This book is the sequel to A Passion for Him, a book that had potential but which I found disappointing in many areas. This book is different in some ways but still falls short of its potential.
Amelia Benbridge is the half-sister of Maria, the heroine of the previous book, and we learned something of Amelia's story in A Passion for Him - how Amelia fell in love with one of the stableboys, Colin Mitchell, who tried to discourage her because of the differences in their stations
(Amelia is a Viscount's daughter). In the end, she saw Colin killed - thus the youngsters' romance was over, and Amelia turned to the Earl of Ware, another childhood friend and one who is honorable and caring.
Here, Amelia is on the cusp of becoming engaged to Ware when she finds herself being observed by a mystery gentleman at a masked ball. There's something unusual about the man, and she finds herself drawn to him, engineering another meeting and eventually chasing after him and finding herself in an inn with him. However, the Count Montoya, despite being hugely attracted to Amelia, is involved in a complicated spying plot where he is attempting to track down Cartland, a double-crossing agent who wants to kill him. Not only that, he is also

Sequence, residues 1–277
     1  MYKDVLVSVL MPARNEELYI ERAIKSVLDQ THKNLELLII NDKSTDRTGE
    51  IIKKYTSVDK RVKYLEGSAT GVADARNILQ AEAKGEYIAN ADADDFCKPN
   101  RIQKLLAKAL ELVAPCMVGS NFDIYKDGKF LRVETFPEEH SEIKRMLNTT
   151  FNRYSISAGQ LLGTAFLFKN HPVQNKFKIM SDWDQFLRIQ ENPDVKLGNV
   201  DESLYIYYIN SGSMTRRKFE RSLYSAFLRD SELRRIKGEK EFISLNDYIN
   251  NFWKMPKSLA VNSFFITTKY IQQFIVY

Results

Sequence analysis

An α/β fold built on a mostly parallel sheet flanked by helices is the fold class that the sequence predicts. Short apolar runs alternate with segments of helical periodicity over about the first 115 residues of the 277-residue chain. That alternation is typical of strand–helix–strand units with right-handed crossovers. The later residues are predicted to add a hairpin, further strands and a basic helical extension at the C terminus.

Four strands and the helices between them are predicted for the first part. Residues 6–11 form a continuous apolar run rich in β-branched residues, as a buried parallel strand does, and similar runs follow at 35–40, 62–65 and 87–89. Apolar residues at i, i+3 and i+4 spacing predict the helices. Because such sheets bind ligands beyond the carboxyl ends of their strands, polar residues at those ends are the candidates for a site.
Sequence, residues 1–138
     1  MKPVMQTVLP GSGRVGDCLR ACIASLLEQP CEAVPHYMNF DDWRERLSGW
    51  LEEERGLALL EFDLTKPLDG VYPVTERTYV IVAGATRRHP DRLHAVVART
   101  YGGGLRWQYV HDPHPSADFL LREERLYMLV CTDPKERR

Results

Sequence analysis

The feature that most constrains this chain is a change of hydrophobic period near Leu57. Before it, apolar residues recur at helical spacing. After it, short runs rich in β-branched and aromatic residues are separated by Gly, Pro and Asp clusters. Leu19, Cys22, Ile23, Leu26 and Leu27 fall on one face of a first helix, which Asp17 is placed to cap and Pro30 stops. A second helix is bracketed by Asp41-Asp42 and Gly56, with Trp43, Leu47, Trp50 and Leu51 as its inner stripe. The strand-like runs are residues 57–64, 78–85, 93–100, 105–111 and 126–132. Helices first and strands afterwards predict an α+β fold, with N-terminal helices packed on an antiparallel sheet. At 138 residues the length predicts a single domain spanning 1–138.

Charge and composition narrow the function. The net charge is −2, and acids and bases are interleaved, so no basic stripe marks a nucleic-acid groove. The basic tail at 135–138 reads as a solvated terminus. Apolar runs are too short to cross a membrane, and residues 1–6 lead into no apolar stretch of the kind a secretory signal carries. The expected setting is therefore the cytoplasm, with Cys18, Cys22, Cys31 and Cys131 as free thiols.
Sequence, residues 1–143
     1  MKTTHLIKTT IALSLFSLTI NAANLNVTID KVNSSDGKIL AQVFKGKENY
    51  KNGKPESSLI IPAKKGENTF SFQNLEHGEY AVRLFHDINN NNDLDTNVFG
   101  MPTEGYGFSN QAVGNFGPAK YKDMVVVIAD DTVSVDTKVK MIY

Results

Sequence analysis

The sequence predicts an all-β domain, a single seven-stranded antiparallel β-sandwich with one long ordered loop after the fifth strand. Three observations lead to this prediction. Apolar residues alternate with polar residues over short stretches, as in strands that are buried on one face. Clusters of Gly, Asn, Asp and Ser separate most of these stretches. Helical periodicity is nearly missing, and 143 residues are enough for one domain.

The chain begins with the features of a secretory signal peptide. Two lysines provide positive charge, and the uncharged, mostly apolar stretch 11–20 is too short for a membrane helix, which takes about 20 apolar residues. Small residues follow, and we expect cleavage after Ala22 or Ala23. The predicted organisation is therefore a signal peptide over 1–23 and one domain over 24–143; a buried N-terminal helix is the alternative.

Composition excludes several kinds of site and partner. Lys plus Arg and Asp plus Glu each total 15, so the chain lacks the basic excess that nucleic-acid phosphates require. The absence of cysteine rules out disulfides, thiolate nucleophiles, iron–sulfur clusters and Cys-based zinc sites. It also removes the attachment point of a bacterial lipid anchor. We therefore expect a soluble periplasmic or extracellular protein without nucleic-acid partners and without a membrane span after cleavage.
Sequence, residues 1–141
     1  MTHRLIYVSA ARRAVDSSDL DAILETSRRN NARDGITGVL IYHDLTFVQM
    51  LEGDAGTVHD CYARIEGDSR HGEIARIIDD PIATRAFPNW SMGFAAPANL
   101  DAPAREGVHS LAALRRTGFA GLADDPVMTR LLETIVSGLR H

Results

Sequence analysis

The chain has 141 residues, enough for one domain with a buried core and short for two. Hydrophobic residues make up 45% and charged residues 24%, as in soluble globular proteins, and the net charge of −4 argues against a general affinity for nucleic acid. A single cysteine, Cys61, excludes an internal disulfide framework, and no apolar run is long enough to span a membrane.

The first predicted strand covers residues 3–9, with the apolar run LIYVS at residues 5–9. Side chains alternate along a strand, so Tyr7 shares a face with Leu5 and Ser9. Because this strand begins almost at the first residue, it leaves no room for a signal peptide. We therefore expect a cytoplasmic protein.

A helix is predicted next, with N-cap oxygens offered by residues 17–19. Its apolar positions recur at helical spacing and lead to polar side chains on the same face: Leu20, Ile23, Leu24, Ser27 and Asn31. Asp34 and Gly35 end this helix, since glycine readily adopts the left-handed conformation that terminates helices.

pitted against her childhood sweetheart, Colin, who strived for many years to make something of himself so that he could become worthy of her. Amelia seems to react surprisingly badly against this revelation, and the final third of the book follows her as she vacillates about how she feels about Colin, alongside a damp-squib spying plot that never really gets going.
Although an enjoyable read in some ways, this book does fall short in a lot of areas. The characters seemed one-dimensional, the historical accuracy
is pretty loose, particularly in terms of dialogue and behavior, and the overall plot
is thin for a book of this length, bulked out by sex scenes. The fact that Colin managed to get himself a Spanish Count's title and then became a member of the British aristocracy is laughable.
Perhaps Amelia and her family don't mind that he's really a stableboy, but he would hardly be able to move in polite society without the lifetime's learning of behavior and speech. The author's general writing style is good, but her plots and characterization tend to let the stories down, and this is a shame.